Z. Feizulin and Y. Kravtsov, Radiophys. Quantum Electron. 10, 33 (1967).

A. Gurvich and V. Tatarski, Radio Sci. 10, 3 (1975).

A. Kon and Z. Feizulin, Radiophys. Quantum Electron. 13, 51 (1970).

Note that Eq. (4) has been obtained from Eq. (11) of Ref. 1, by using the fact that *D*_{x} + *D*_{S} = *D*_{1} and the definition *D*_{x}(ρ-ρ′, ρ_{1}-ρ_{2})=〈[χ(ρ,ρ_{1})-χ(ρ′,ρ_{2})]2〉 =2σ^{2}_{x}-2*B*_{x}(ρ-ρ′,ρ_{1}-ρ_{2}), where *B*_{x}(ρ-ρ′,ρ_{1}-ρ_{2})≡(χ(ρ,ρ_{1})χ(ρ′,ρ_{2})〉-〈χ〉^{2}.

R. Fante, J. Opt. Soc. Am. 66, 74 (1976).

For weak turbulence the proof of this statement is readily seen from Eq. (5) of Ref. 5. For strong turbulence the proof follows from a realization that measured data^{2} indicate the field statistics are nearly log normal. If we compare the Markov approximation solution for 〈*u*〉 = 〈exp[χ+ *iS*]〉 with the solution obtained by assuming χ and *S* are Gaussian variables we find that 〈χ*S*〉 = 0 is required for the two solutions to be identical. For nearly log-normal field statistics it can be shown that 〈χ*S*〉 ≪ 1.

A formal definition for ε is given by ε^{2}=(∫^{L}_{0}*s*^{2}*C*^{2}_{n}(*s*)*ds*) (∫*L*_{0}*ds**C*^{2}_{n}(*s*))-1, where *s*=*L* - *x* is the distance measured from the surface of the earth. In this paper we shall use Hufnagel's model for *C*^{2}_{n}(*s*). For a description of this model see R. Hufnagel, OSA Topical Meeting on Propagation through Turbulence, Paper WA1-1, Boulder, Colo., July 1974.

For weak turbulence the proof of this statement is readily seen from Eq. (5) of Ref. 5. For strong turbulence the proof follows from a realization that measured data^{2} indicate the field statistics are nearly log normal. If we compare the Markov approximation solution for 〈*u*〉 = 〈exp[χ+ *iS*]〉 with the solution obtained by assuming χ and *S* are Gaussian variables we find that 〈χ*S*〉 = 0 is required for the two solutions to be identical. For nearly log-normal field statistics it can be shown that 〈χ*S*〉 ≪ 1.

A formal definition for ε is given by ε^{2}=(∫^{L}_{0}*s*^{2}*C*^{2}_{n}(*s*)*ds*) (∫*L*_{0}*ds**C*^{2}_{n}(*s*))-1, where *s*=*L* - *x* is the distance measured from the surface of the earth. In this paper we shall use Hufnagel's model for *C*^{2}_{n}(*s*). For a description of this model see R. Hufnagel, OSA Topical Meeting on Propagation through Turbulence, Paper WA1-1, Boulder, Colo., July 1974.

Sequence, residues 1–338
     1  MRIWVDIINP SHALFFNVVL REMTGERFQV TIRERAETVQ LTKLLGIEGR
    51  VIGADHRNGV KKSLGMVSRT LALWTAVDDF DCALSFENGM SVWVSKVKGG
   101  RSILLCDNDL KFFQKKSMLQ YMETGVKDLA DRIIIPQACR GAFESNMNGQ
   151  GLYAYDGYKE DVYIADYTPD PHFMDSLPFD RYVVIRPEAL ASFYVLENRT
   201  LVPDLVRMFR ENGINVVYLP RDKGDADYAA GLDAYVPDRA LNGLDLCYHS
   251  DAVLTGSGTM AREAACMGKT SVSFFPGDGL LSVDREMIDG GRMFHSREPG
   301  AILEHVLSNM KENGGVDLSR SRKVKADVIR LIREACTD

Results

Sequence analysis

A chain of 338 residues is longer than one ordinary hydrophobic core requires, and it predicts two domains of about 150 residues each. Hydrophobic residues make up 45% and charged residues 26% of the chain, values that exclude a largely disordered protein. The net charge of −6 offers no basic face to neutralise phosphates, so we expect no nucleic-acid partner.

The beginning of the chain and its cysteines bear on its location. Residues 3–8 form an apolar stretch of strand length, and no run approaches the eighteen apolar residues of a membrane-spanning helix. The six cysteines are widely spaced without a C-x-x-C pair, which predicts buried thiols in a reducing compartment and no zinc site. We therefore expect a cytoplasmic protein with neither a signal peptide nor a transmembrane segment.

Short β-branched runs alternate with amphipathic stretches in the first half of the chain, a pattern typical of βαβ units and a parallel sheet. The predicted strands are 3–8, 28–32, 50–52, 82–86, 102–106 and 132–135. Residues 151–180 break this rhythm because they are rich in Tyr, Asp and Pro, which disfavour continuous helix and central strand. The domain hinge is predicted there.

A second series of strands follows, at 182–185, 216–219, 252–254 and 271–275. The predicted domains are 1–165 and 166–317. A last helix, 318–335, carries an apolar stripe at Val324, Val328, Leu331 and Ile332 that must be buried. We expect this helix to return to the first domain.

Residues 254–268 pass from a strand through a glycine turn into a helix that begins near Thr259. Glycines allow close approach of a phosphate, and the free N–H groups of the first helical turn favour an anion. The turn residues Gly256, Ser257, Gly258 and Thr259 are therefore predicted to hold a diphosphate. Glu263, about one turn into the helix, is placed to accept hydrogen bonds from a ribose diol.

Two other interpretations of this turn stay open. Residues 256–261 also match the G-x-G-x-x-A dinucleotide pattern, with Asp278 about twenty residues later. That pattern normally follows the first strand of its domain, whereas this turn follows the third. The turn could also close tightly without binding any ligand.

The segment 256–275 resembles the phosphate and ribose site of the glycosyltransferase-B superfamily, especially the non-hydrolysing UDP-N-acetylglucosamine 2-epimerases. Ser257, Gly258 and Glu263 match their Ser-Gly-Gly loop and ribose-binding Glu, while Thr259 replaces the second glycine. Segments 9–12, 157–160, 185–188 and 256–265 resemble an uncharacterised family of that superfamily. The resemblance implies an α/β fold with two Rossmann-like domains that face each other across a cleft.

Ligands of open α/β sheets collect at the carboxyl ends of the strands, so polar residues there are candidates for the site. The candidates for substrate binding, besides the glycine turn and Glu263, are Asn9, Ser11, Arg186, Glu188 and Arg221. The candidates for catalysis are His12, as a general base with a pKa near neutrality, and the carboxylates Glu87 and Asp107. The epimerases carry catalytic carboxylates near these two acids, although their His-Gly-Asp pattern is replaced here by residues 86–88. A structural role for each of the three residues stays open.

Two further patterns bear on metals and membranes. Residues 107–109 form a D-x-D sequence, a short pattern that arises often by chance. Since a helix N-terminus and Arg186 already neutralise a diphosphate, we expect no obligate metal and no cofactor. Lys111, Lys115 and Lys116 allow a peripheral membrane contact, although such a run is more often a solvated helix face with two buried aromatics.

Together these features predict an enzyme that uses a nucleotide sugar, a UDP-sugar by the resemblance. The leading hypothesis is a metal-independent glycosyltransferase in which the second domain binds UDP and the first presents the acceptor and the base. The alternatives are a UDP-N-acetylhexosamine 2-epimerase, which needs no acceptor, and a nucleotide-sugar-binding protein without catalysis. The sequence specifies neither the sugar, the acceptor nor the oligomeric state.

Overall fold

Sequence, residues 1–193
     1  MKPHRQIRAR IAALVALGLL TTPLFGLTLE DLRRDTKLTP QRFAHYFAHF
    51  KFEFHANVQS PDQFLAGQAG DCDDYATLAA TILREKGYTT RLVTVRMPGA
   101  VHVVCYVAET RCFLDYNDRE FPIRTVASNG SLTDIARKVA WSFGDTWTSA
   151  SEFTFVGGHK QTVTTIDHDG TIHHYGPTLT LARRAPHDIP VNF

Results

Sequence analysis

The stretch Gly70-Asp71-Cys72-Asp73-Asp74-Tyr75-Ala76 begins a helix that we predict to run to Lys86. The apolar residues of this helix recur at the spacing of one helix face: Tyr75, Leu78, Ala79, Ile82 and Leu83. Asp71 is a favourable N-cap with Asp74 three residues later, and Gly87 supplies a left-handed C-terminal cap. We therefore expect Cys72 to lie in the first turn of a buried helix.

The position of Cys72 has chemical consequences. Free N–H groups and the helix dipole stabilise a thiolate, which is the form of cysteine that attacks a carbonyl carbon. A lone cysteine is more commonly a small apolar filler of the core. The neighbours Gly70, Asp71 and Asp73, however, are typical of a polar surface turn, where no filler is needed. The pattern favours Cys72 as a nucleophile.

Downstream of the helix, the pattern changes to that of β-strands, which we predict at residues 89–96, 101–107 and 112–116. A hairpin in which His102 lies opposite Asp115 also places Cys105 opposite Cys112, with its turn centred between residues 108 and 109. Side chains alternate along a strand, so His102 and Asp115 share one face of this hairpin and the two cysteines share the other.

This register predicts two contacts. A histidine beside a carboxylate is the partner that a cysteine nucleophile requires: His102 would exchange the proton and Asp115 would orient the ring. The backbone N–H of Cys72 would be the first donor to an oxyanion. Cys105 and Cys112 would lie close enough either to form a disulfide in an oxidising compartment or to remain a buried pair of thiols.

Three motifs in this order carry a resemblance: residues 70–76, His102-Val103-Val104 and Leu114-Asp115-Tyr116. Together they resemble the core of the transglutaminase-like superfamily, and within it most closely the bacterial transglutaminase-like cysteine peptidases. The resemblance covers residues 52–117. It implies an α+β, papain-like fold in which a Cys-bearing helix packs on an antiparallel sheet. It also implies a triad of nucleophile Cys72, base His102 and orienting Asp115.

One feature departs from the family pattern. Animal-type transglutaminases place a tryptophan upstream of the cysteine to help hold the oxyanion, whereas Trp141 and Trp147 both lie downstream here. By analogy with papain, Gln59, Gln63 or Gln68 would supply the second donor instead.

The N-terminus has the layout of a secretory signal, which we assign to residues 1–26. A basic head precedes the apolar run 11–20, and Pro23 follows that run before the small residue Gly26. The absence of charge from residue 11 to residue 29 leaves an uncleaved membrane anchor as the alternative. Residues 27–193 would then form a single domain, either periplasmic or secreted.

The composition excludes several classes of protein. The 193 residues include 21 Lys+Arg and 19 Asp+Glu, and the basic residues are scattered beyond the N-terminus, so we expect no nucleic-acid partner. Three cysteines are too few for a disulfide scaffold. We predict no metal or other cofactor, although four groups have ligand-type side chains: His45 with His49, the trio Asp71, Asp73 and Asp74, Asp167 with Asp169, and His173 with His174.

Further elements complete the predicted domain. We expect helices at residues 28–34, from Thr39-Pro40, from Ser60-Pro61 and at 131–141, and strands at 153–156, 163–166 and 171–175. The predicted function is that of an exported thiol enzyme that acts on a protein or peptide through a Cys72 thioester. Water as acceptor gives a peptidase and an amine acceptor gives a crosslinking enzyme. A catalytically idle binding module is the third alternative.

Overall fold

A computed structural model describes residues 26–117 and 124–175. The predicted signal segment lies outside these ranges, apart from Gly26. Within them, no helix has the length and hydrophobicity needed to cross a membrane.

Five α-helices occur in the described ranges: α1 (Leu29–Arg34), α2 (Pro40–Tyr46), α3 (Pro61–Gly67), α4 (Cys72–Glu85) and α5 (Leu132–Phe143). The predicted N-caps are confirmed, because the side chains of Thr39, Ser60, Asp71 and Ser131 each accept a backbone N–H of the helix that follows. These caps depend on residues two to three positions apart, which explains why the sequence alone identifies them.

^{8}From Eq. (19) is is quite clear that (27) is the appropriate form for all interferometer spacings such that *D*_{R} ≫ ελκ_{m} = 5. 91ελ/*l*_{0}. Assuming λ ~0.6 × 10^{-6} m, *l*_{0} ~ 10^{-3} m, and ε ~ 10^{3} m, we see that for *D*_{R} ≫3 m, ρ_{N} is the correct parameter. For *D*_{R} ≪3 m it is correct to use the form in Eq. (24). It is therefore only for relatively small values of *D*_{R} that the form used in Eq. (27) is only approximate.

D. Gezari, A. Labeyrie, and R. Stachnik, Bull. Am. Astron. Soc. 3, 244 (1971).

D. Korff, J. Opt. Soc. Am. 63, 971 (1973).

Let us consider *r*= ρ_{0}(*F/L*) | f | and see what value we get for *r* if λ*F* | f | = ρ_{p}. For visible light (λ ~ 0.6 × 10^{-6} m) and typical atmospheric turbulence (*C*^{2}_{n} ~ 10^{-15} m^{-2/3}, ε ~ 10^{3} m) we find that *r*= 6.5 cos^{11/5} η. Therefore the requirement that λ*F* | f | ≫ ρ_{0} means that *r* ≫ 6.5 cos^{11/3} η. For η = 80° we then find that *r* must be greater than 0.14. Next let us consider the restrictions placed on *r* by the condition λ*F* | f | ≫*K*^{-1}_{m}. For the aforementioned atmospheric conditions this leads to the requirement that *r*≫0.025 cos^{8/5} η.

J. Shapiro (private communication, 1975).